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The Common Core drama continues in Florida: after much coquetry, the Sunshine State has officially opted to abandon PARCC in favor of commissioning a new exam aligned to its new (Common Core-heavy) state standards. The contract went to American Institutes for Research (AIR), beating out overtures from the likes of ACT, Pearson, and McGraw-Hill. We’re all for a competitive assessment marketplace, but we’re also skeptical that anyone but PARCC and Smarter Balanced has had the time and resources to develop a truly Common Core-aligned test.

In an amendment to the state’s education budget, Wyoming became the first state to officially block adoption of the Next Generation Science Standards—ostensibly because the NGSS teach climate change. In our state-by-state analysis of the NGSS, we found that these new “national”  standards for science are not superior to enough states’ existing science standards to warrant full-throated support. However, they are certainly of higher quality than Wyoming’s existing science standards. The Cowboy State is shooting itself in the foot. (If they don’t like NGSS, they should Xerox California’s or D.C.’s science standards.)...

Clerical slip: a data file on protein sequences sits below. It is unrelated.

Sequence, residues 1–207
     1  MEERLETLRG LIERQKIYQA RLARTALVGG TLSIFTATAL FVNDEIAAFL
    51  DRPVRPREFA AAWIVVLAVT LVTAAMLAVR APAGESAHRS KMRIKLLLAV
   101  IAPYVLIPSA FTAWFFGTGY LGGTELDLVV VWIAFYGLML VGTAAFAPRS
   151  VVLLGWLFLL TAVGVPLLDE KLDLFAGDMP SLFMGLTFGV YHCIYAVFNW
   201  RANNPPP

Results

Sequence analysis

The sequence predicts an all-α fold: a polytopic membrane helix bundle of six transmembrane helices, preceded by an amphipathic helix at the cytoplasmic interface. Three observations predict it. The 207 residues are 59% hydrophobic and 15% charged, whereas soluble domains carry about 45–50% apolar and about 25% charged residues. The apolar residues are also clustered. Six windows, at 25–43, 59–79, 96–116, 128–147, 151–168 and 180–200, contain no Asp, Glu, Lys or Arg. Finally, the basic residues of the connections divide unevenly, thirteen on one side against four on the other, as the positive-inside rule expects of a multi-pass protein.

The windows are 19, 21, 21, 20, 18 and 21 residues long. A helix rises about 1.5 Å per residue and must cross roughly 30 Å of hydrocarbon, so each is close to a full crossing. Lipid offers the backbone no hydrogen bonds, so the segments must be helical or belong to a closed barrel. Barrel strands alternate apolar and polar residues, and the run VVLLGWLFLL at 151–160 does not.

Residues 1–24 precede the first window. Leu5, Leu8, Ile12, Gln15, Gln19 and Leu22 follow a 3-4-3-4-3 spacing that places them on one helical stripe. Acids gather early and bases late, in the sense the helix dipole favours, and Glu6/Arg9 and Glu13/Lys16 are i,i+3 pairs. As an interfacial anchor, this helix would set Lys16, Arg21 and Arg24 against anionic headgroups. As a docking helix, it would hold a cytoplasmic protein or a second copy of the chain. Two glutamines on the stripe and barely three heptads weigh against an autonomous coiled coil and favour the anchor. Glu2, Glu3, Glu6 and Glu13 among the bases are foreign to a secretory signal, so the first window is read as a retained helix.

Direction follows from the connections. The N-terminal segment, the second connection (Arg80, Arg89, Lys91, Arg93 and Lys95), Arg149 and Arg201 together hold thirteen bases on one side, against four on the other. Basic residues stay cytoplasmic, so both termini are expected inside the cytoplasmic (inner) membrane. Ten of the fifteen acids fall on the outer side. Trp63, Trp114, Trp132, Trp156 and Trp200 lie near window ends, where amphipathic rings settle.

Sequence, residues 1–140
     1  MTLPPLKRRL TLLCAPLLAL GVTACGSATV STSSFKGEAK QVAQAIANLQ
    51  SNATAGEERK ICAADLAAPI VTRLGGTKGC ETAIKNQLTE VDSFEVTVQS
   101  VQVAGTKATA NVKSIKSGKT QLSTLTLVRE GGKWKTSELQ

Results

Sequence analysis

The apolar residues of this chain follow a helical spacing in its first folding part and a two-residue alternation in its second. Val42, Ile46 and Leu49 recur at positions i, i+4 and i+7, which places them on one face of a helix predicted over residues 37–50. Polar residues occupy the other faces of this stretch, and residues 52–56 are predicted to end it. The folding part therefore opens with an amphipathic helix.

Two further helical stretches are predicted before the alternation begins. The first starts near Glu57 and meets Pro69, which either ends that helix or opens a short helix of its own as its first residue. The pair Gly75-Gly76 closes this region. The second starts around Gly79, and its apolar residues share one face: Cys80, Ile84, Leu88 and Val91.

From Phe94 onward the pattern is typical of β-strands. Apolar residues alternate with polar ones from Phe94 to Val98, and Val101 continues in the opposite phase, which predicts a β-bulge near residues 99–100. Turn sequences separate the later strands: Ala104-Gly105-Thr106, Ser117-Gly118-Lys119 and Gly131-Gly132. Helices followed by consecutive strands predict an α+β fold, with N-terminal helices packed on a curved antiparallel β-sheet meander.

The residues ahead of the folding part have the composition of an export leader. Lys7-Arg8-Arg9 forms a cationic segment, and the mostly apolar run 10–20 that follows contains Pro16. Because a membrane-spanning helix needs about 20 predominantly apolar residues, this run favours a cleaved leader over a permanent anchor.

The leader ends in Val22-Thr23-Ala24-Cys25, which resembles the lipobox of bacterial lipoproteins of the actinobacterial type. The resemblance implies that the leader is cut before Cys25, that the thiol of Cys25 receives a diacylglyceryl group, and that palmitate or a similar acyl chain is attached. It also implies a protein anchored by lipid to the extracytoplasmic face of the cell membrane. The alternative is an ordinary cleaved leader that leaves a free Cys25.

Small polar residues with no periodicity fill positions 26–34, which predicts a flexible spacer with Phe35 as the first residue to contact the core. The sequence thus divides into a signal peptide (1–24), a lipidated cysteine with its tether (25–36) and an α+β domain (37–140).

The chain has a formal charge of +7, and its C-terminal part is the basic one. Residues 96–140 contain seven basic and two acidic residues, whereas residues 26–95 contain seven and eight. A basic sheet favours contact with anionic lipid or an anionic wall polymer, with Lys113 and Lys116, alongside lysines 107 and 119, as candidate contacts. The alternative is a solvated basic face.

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It’s an article of faith in the school-reform community that we should be striving to prepare all students for success in college—if not a four-year degree, then some other recognized and reputable post-secondary credential. The rationale is clear and generally compelling; as a recent Pew study reiterated, people who graduate from college earn significantly more than those who do not. Other research indicates that low-income students in particular benefit from college completion, becoming nearly three times more likely to make it into the middle class than their peers who earn some (or no) college credits. And it’s not just about money: College graduates are also healthier, more involved in their communities, and happier in their jobs.

Thus, in the reformers’ bible, the greatest sin is to look a student in the eye and say, “Kid, I’m sorry, but you’re just not college material.”

But what if such a cautionary sermon is exactly what some teenagers need? What if encouraging students to take a shot at the college track—despite very long odds of crossing its finish line—does them more harm than good? What if our own hyper-credentialed life experiences and ideologies are blinding us to alternative pathways to the middle class—including some that might be a lot more viable for a great many young people? What if we should be following the lead of countries like Germany and Singapore, where “tracking” isn’t a dirty word but a common-sense way to prepare teenagers...

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Fordham goes mad for March Madness